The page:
Dance-based exercise therapy for patients with haemophilia
Type of spiritual experience
A description of the experience
Hamostaseologie. 2013;33 Suppl 1:S25-31.
[Development and evaluation of a dance-based exercise therapy for patients with haemophilia].
[Article in German]
Czepa D1, van Ravenstein S, Stäuber F, Hilberg T.
- 1Dipl.-Sportwissen. Dörte Czepa, Bergische Universität Wuppertal, Lehrstuhl für Sportmedizin, Pauluskirchstr. 7, D-42285 Wuppertal, Tel. +49/202/439 59 14, Fax +49/202/439 59 10, E-Mail: email@example.com.
So far, the use of methods derived from creative arts has not been considered in the haemophilia treatment. The AIM was to investigate the expectations for a dance-based exercise therapy for patients with haemophilia and the extent of its acceptance.
The one-hour dance-based exercise therapy was offered to 30 haemophilia patients (HI30) (49 ± 11, 30-67 years). For the evaluation of expectations, questionnaires were created and filled out by participants before and after the intervention. Additionally, 19 haemophilia patients (HF) and 20 controls without haemophilia (KF) who did not participate in the intervention were also questioned.
The RESULTS show that haemophilia patients have more experience in dance than controls (HI30:62%, HF:74%, KF:45%). In contrast, the proportion of those who are currently dancing is higher in controls without haemophilia (HI30: 17%, HF: 10%, KF:26%).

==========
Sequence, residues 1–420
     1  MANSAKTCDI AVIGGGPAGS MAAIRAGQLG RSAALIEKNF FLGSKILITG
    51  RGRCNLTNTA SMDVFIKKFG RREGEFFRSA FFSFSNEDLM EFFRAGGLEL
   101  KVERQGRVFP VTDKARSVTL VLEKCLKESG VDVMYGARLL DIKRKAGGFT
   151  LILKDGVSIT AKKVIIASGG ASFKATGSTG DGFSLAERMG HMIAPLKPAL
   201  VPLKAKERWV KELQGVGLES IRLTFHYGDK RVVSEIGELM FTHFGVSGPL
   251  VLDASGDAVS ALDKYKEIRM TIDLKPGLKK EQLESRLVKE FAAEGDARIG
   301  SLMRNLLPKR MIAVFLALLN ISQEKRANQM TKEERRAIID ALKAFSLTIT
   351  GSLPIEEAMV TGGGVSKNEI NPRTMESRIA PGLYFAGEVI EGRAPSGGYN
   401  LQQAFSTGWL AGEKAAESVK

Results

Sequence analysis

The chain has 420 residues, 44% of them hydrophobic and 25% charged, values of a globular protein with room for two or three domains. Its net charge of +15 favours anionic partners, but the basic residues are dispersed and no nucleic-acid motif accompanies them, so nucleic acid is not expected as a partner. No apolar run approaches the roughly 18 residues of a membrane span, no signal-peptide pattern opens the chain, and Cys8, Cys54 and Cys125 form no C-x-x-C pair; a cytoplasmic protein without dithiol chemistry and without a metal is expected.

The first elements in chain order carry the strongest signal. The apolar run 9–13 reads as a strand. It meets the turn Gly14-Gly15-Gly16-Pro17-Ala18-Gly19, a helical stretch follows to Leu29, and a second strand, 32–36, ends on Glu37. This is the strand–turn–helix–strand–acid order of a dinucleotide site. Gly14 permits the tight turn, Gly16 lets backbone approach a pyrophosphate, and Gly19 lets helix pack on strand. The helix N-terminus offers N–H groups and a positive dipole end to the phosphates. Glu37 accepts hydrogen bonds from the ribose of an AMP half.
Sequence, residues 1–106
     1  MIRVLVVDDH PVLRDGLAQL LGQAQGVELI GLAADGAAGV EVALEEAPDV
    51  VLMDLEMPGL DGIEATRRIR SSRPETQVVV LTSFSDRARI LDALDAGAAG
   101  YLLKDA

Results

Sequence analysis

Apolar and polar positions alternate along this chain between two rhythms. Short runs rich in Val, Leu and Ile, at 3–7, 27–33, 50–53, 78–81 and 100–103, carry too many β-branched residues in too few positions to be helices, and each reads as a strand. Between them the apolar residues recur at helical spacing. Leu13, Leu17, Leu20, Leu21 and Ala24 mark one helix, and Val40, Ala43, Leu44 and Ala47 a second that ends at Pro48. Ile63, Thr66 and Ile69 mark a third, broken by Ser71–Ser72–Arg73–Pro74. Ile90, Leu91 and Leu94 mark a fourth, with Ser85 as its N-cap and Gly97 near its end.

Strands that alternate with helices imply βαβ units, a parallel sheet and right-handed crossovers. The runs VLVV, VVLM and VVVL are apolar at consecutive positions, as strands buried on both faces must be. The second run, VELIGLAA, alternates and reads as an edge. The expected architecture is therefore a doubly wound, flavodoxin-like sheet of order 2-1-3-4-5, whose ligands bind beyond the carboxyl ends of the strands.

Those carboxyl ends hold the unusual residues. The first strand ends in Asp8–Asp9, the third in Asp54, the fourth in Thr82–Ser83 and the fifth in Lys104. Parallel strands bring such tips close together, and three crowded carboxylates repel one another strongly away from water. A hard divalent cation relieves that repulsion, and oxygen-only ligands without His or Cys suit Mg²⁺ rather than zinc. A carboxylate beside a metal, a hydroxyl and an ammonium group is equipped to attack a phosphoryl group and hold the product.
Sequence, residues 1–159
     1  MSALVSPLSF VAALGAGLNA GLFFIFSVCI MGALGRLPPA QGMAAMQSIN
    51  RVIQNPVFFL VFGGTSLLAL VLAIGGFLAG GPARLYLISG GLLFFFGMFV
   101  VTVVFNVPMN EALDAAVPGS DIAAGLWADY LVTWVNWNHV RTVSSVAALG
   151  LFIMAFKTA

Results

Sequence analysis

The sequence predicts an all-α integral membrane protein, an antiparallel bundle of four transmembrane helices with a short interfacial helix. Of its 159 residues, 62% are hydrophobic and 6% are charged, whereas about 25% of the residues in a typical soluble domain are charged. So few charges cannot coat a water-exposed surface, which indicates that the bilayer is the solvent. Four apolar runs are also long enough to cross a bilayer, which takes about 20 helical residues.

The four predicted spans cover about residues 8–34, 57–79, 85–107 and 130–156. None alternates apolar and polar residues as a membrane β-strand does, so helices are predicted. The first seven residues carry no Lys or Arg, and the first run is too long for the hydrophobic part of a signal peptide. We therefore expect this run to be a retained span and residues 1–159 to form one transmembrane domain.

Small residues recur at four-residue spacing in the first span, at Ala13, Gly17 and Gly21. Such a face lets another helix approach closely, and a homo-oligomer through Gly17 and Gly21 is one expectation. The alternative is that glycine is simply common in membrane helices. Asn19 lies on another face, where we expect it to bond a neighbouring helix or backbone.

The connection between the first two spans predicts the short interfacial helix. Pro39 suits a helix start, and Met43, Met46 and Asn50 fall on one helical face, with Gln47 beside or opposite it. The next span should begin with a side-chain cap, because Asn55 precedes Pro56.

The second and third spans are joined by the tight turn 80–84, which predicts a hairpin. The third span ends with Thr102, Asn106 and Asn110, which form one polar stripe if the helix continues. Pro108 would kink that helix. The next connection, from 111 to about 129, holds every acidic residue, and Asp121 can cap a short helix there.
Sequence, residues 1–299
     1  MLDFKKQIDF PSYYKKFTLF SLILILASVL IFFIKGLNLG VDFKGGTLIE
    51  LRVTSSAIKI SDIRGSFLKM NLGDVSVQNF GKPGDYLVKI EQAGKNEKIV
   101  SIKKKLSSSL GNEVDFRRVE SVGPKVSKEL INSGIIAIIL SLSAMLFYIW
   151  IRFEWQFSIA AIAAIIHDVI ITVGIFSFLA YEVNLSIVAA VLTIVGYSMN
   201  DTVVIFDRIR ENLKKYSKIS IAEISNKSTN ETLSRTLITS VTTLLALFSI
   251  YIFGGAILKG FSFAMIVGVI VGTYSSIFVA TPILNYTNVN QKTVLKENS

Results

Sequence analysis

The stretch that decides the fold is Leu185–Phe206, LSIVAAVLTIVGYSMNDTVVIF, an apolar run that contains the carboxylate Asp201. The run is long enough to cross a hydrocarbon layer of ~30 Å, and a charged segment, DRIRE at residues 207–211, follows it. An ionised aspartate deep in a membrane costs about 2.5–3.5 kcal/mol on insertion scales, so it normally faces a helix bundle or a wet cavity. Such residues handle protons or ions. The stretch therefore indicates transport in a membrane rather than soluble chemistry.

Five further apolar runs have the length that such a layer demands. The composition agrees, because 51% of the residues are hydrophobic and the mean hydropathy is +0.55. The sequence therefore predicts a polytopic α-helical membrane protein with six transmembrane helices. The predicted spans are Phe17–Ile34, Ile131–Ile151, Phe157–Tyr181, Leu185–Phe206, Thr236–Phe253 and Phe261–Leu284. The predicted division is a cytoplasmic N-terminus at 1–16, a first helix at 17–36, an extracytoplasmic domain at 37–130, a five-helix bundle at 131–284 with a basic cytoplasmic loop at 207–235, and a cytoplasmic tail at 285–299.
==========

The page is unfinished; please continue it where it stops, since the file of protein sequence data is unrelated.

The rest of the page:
The termination of dance activity in patients with haemophilia who were part of the intervention was mainly due to pain (HI30: 40%, HF: 29%, KF: 0%), whereby controls without intervention terminated the dance activity mainly due to lack of time (HI30: 30%, HF: 57%, KF: 56%).
Ultimately, 24 out of 30 patients with haemophilia (HI24) completed the intervention.
All HI24 met their expectations. 38% felt limited by haemophilia while carrying out the exercises. The majority of the participants were able to follow the exercises well (96%) and were did not overstrain physically (92%) nor mentally (87%), also 79% did not have pain. 23 of HI24 (96%) can envision a continuation of the dance-based exercise therapy.
The experience with the dance-based exercise therapy was predominantly positive. It represents an alternative sports therapy programme for patients with haemophilia. Further studies are needed in order to make statements concerning the long-term use of such training.
KEYWORDS: Haemophilia; dance-based exercise therapy; expectations; pain